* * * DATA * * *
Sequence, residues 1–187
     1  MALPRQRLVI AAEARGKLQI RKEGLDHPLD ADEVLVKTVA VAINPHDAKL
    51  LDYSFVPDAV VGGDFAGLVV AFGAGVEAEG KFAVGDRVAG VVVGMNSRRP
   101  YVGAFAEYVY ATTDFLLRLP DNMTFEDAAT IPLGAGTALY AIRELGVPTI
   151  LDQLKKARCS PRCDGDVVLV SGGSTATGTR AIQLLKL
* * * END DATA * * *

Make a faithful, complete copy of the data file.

Sequence, residues 1–187
     1  MALPRQRLVI AAEARGKLQI RKEGLDHPLD ADEVLVKTVA VAINPHDAKL
    51  LDYSFVPDAV VGGDFAGLVV AFGAGVEAEG KFAVGDRVAG VVVGMNSRRP
   101  YVGAFAEYVY ATTDFLLRLP DNMTFEDAAT IPLGAGTALY AIRELGVPTI
   151  LDQLKKARCS PRCDGDVVLV SGGSTATGTR AIQLLKL